Wednesday, October 29, 2014

A Day of Canning


Last week I had the honor to share the kitchen with two very talented women: +Pyper Jean, my dear friend, and Barbara Salsbury from Solutions for Preparedness. On a day that Pyper and I were supposed to spend making our planners for next year, we ended up having an all out can-a-thon and calling Barbara over to assist.

Both Barbara and Pyper have been canning for years and years and years. While both my Grandmas can from their gardens, their productions are not on the scale that Barbara and Pyper undertake. That is, my Grandmas haven't canned on this scale during my lifetime. So, seeing what we could put up in just one steam-filled day (and knowing that Pyper never sleeps and has been canning stuff each week since about June) was astounding to me. It still blows my mind!!

Last in Line: Grape Jelly
Grape jelly!! That actually jelled!!
We started out with beets and ended up with 8 1/2 quart jars. Though I'm not fond of pickled beets, Pyper's grandma's recipe sure did sound interesting. It involved cloves. I'm not sure whether my Grandma uses cloves in hers, but like I said, it was interesting.

After the beets were done, I thumbed through Pyper's canning book for a while. I found a recipe for "Thanksgiving" jelly: apple, raspberry, cranberry. Well, there were raspberry bushes and apple trees in the yard, and Pyper just happened to have a bag of cranberries. We set out and picked raspberries and apples and canned that jelly fresh off the vine/tree. What an experience!! And I tell you what, that stuff smelled SO AMAZING. Like tart, cinnamony, holiday cheer. We got 8ish 1/2 pints of that yumyum stuff.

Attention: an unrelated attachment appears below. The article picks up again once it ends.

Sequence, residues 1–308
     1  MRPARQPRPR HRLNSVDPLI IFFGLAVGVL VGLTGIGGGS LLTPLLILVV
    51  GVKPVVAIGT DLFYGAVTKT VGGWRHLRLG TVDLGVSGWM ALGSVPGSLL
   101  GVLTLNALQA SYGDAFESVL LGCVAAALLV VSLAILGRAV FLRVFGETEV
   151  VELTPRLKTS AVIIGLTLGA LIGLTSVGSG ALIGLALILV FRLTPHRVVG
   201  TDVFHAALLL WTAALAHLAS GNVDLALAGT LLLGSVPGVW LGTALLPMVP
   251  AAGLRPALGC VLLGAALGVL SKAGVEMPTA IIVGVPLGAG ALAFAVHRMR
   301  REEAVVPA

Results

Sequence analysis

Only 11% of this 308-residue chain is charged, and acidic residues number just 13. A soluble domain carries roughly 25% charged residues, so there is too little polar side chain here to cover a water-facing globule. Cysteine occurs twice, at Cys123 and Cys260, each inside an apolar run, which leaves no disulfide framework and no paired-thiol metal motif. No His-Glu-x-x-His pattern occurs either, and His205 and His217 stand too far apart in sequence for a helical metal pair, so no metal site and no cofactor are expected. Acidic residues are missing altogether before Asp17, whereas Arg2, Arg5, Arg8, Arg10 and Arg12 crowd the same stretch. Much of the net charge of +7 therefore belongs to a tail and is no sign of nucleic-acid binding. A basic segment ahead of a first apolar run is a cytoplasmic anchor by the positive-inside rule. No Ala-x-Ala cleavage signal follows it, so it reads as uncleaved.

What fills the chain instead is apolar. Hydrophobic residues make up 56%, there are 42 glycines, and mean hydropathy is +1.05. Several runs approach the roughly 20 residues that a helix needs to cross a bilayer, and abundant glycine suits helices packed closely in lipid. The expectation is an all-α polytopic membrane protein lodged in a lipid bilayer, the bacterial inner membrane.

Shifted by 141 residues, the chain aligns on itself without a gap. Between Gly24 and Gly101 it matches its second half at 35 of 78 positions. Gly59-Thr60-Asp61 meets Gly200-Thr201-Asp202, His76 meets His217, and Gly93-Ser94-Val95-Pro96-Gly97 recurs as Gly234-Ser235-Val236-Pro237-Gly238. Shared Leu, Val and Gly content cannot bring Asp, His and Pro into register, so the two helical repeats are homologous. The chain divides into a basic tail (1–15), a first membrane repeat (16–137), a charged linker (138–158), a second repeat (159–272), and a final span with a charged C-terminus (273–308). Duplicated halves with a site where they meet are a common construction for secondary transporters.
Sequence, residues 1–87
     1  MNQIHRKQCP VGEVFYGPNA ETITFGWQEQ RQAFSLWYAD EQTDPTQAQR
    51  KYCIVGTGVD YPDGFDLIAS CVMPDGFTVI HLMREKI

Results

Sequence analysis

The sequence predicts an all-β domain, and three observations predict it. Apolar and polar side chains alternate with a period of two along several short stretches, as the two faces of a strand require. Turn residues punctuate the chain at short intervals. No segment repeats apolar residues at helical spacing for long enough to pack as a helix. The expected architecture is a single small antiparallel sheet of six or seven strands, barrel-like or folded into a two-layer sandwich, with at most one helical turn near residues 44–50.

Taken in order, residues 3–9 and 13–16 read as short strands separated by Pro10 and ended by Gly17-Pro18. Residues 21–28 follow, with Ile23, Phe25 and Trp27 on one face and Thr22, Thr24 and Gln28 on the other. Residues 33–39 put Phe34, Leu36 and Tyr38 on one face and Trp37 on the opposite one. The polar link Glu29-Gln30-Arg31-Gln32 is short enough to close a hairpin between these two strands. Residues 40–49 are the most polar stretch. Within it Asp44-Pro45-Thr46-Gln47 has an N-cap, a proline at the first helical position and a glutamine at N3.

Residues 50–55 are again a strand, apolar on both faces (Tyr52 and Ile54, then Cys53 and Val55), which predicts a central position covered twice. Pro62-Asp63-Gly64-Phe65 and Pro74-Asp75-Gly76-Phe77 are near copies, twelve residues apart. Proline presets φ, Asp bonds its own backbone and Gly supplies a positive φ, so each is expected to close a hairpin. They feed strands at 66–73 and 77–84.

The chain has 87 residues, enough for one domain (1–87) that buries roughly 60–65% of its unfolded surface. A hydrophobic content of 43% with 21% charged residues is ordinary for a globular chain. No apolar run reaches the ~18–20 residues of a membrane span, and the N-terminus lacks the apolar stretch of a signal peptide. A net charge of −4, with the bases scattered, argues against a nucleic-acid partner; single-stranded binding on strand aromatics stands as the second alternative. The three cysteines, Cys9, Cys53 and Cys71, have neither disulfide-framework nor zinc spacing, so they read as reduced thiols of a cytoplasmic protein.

Next up was grape jelly. That's where Barbara came in. She and Pyper have known each other for quite some time. Since Barbara literally wrote the book on canning, Pyper enlisted her to help make sure the grape jelly actually jelled: something I also struggle with. Syrupy jelly. Runny jelly. Apparently, the trick is you add lemon juice and pectin and BAM. Thick, gooey, jelled jelly. Who knew?! Well, Barbara did, apparently.

And you have to boil it until, "it looks like it's going to turn into hard candy!" Stir constantly. Like, constantly, constantly. Like, don't stop stirring while someone takes your picture, constantly.

Last in Line: Making Jelly with Barbara Salsbury
Me stirring under the supervision of Barbara
I don't remember how many pints we got of grape jelly, because we had a lot of odd shaped jars that we used. I do remember that our one batch was the exact perfect amount to fill up all those oddball jars. Amazing!!

After jelly, it was time for tomatoes. We blanched, peeled, stewed, and canned 8ish quart jars of 'maters. We has some tomatoes set aside for tomato basil jam. Unfortunately, we were completely out of sugar so the jam had to wait for another day.

Last in Line: Canning
My haul. Yumyumyum.
Pyper stopped over on Sunday to drop of my haul of our canning adventure.  I am beyond excited to have such a full pantry!! I feel like such the little homesteader. I cannot wait to get out of apartment living and into a house so that I can have my very own garden yet again. Siiiiiiggghhh.

I just love self-sufficiency.